Sudanese Forces Agree to Withdraw from Abyei

Sudanese Forces Agree to Withdraw from Abyei

The agreement is meant to end weeks of fighting ahead of Southern Sudan’s succession.

Published June 21, 2011

Following weeks of violence in Sudan’s disputed Abyei region, the two sides – the North’s Government of the Sudan and the South’s Sudan People’s Liberation Movement – signed an agreement Monday targeted at bringing peace to the region. With the deal, Northern and Southern Sudan have both consented to remove troops from the area.


Former South African president and current chairman of the African Union High-Level Implementation Panel, Thabo Mbeki, helped to mediate the deal, which was signed in neighboring nation Ethiopia.


As Southern Sudan is set to officially separate from Northern Sudan to become an independent country July 9, the struggle over Abyei, which borders both territories and has been claimed by both sides, had reached a fever pitch in recent weeks. In May, forces from the north seized Abyei causing thousands of residents to flee the area, creating a humanitarian crisis for refugees.


With Monday’s agreement, thousands of Ethiopian peacekeepers (paid for by the United Nations) will temporarily patrol Abyei and an administration made up of Northern and Southern officials will be set up to dispense more officers. The deal also calls for the safe return of refugees to their homes.


A 2005 peace deal ended a civil war between the north and south that left 2 million people dead. With that deal the south was allowed to vote to separate from the north, which they did in January. But issues such as where Abyei belongs and sharing the nation’s oil wealth still haven’t been resolved.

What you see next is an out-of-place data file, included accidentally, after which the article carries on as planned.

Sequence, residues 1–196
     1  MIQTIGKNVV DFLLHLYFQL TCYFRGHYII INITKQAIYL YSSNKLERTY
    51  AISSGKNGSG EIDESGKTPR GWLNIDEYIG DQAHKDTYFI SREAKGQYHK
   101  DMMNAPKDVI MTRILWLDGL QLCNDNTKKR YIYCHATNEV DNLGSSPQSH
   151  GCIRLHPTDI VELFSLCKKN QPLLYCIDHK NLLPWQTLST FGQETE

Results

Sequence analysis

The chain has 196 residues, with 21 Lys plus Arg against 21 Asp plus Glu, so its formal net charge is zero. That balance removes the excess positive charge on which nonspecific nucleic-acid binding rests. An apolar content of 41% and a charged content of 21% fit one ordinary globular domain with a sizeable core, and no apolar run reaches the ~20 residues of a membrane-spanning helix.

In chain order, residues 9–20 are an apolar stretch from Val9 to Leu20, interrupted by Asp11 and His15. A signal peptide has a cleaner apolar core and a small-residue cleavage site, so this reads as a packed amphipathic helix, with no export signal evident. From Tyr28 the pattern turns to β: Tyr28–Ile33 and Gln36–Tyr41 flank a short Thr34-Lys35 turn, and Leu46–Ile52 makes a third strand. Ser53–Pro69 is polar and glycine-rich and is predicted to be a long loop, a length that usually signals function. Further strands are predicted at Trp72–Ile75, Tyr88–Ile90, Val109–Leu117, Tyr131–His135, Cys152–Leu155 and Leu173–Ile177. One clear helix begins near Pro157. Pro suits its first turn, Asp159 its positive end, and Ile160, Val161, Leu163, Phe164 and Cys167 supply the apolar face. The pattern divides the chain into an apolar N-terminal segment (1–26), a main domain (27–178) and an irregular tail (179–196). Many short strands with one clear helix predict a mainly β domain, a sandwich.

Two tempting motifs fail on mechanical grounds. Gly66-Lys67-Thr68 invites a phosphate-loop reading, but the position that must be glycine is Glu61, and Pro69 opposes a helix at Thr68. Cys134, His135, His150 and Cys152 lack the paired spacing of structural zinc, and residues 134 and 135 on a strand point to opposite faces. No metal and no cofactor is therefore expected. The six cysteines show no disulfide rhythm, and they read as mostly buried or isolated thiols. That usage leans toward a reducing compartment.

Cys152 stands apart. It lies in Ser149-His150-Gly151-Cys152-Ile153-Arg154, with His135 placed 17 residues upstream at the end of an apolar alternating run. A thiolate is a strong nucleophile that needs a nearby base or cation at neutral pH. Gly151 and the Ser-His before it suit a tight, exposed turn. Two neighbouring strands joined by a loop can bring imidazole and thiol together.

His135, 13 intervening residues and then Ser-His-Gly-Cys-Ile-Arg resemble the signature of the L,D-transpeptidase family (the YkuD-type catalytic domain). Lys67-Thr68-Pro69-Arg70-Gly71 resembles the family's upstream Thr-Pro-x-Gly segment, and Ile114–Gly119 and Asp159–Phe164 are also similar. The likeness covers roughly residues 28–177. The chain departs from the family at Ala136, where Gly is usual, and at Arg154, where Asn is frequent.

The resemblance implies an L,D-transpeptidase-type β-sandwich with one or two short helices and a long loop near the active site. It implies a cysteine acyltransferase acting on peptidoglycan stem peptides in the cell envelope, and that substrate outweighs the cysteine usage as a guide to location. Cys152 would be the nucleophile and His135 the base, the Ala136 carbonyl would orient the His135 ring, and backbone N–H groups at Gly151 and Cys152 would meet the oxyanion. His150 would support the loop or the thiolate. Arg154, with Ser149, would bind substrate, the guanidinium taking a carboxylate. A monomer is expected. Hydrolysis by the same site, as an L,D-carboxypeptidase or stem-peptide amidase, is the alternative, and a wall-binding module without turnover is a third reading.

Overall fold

Still Pagan Amam, a southern leader, is happy with the deal, believing it is a step in the right direction.


“This will create an environment for negotiations and to finalize the final status of Abyei and resolve other outstanding issues,” he said.


But as one issue appears to be on the road to resolution, another one could be getting worse.


The border state of Southern Kordofan, which in recent weeks has seen violent clashes between forces from the north’s government and ethnic minority Nuba mountain rebels, remains another top concern. Many in Southern Kordofan, a Northern state, voted for succession from the north, and fought on the side of the south during the civil war. The recent fighting, which has included aerial attacks, has caused hundreds of thousands to flee from their homes, according to the African Union the BBC reports.


Mediation talks on this conflict continue to take place in Ethiopia.

(Photo: REUTERS/Phil Moore)

Written by Hortense M. Barber


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